Meanwhile, count me among those who think that even "red state" Democrats who ran away from President Obama as if he had Ebola made a big mistake. (Remember Ebola? It's so last week, I know. However, I await apologies from readers of the Chicken Little persuasion who objected to my writing that politicizing a disease was contemptible and the danger of a serious outbreak extremely small.)

But back to Obama. It's true that his overall approval rating stands at 43 percent. Also, however, the Republican Congress checks in at 13 percent. The president remains quite popular among the kinds of Democrats who mostly sat out the 2014 election.

True, many voters don't understand how deep and dangerous a hole the U.S. economy had fallen into in 2008; nor that unemployment has dropping sharply; the stock market's more than doubled; and that the federal budget deficit has dropped from 9.8 percent to a fiscally sustainable 2.9 percent of GDP on Obama's watch. But they'll never know if Democrats don't tell them.

Probably a candidate like Arkansas Sen. Mark Pryor was doomed anyway. But how could anybody imagine the rope-a-dope tactic would work? The same is true regarding Obamacare. Why not praise the law's popular features and talk about fixing the rest? The Republicans have no health insurance plan except back to the bad old days of "pre-existing conditions" and get sick/get canceled.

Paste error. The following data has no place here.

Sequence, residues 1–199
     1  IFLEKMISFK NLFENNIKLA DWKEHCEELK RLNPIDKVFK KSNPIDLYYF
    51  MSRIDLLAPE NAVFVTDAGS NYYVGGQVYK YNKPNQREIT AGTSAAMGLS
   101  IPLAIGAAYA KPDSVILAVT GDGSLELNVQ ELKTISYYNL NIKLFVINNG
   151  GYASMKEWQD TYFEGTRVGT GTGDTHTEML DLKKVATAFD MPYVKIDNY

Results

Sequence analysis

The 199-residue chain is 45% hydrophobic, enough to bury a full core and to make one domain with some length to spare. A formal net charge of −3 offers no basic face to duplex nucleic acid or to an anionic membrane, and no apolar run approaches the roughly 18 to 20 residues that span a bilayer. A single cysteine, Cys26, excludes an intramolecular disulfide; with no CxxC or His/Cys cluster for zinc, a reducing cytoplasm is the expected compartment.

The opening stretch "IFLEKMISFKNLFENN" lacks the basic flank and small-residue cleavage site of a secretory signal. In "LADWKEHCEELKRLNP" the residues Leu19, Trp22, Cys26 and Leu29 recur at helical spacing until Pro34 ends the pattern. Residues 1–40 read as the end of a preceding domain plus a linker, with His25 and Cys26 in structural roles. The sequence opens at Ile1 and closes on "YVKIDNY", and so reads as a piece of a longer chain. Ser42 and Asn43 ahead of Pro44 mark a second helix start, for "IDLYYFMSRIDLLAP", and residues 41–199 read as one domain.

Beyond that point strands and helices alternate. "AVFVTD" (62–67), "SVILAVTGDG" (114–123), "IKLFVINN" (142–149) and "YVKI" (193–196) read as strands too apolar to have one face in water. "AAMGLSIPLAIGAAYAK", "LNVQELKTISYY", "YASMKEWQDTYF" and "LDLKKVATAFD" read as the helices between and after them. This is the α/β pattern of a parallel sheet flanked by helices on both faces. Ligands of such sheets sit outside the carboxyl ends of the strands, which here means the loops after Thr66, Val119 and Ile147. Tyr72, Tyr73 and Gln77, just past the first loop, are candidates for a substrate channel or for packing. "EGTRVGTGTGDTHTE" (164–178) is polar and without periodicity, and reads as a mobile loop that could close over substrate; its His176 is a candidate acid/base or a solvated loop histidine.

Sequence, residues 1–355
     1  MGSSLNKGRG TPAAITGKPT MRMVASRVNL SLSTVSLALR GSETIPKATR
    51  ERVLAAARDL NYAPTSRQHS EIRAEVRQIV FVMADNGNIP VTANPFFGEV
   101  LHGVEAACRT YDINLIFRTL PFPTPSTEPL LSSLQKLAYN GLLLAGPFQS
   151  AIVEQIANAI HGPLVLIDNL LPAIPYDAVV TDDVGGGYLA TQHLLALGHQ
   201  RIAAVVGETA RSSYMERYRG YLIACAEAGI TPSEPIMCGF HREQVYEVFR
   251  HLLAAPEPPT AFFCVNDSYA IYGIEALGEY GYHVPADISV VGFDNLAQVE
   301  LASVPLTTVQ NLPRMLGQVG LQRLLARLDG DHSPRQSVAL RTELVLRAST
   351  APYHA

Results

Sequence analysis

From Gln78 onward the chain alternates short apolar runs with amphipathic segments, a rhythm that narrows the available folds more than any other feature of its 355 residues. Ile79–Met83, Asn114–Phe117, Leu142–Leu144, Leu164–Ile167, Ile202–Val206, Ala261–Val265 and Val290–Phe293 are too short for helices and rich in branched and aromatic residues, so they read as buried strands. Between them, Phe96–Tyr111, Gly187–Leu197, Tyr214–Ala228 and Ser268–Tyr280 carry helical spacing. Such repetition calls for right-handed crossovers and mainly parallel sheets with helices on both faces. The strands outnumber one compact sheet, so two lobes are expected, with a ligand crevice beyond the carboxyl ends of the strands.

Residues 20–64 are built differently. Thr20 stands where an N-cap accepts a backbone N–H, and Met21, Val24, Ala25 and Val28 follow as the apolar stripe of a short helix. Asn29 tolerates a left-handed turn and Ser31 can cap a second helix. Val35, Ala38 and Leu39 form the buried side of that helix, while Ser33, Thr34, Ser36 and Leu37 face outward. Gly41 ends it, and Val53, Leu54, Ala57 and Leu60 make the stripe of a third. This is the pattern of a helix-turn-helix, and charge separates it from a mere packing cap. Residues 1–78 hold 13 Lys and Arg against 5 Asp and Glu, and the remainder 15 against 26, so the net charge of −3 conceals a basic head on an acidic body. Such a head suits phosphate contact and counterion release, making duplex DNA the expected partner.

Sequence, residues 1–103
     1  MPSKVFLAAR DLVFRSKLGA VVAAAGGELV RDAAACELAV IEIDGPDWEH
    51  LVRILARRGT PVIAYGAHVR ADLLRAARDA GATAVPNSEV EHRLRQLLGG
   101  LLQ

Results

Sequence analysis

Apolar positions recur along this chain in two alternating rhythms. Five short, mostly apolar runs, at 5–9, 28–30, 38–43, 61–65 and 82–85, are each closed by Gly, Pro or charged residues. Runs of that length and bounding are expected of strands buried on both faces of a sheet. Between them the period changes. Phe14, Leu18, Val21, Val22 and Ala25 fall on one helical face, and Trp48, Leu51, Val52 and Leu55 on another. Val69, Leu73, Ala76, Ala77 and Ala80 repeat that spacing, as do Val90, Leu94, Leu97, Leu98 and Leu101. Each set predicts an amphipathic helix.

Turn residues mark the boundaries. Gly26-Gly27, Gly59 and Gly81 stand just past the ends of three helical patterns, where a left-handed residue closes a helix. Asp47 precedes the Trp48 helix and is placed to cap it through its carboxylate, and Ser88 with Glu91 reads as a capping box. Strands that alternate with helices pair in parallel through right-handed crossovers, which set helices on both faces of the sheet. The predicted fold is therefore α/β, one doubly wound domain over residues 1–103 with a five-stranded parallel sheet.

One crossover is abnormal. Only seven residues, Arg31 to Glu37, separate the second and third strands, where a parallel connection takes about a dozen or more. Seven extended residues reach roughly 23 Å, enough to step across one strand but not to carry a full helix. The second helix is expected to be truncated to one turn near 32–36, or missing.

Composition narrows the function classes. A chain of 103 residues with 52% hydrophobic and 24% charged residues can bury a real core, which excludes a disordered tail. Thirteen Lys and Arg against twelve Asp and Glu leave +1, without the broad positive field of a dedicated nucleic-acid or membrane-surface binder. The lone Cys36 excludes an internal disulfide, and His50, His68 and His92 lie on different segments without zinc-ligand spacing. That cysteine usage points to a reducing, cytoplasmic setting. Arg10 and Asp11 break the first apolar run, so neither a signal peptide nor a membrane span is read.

On the defensive, Democrats have articulated no persuasive plan for fixing what New York Times economics writer Dave Leonhardt calls "The Great Wage Slowdown."

"Median inflation-adjusted income last year" he writes "was still $2,100 lower than when President Obama took office in 2009 — and $3,600 lower than when President George W. Bush took office in 2001."

Well, they'd better find one. Meanwhile, the GOP/Animal House plan is well known: Cut Scrooge McDuck's taxes; keep yelling Obama, Obama, Obama.

Favorite

From the ArkTimes store

Comments (3)

Showing 1-3 of 3

Add a comment

 
Subscribe to this thread:
Showing 1-3 of 3

Add a comment

More by Gene Lyons

  • Conspiracy theorists

    Back in 2000, I interviewed Rev. Jerry Falwell on camera in connection with a documentary film of "The Hunting of the President," which Joe Conason and I wrote.
    • May 25, 2017
  • Trump unfit

    Even as an oligarch, President Trump turns out to be breathtakingly incompetent. Is there any reason to suppose he's even loyal to the United States? Does he even understand the concept? Trump is loyal to Trump, and to his absurdly swollen ego. Nothing and nobody else.
    • May 18, 2017
  • America's pastime

    Sometimes, the most important things that happen at the ballpark are only tangentially related to the games themselves. I speak as one who hasn't missed a televised Boston Red Sox game this season, and may not between now and October. Win or lose, I'm in it for the stories.
    • May 11, 2017
  • More »

Readers also liked…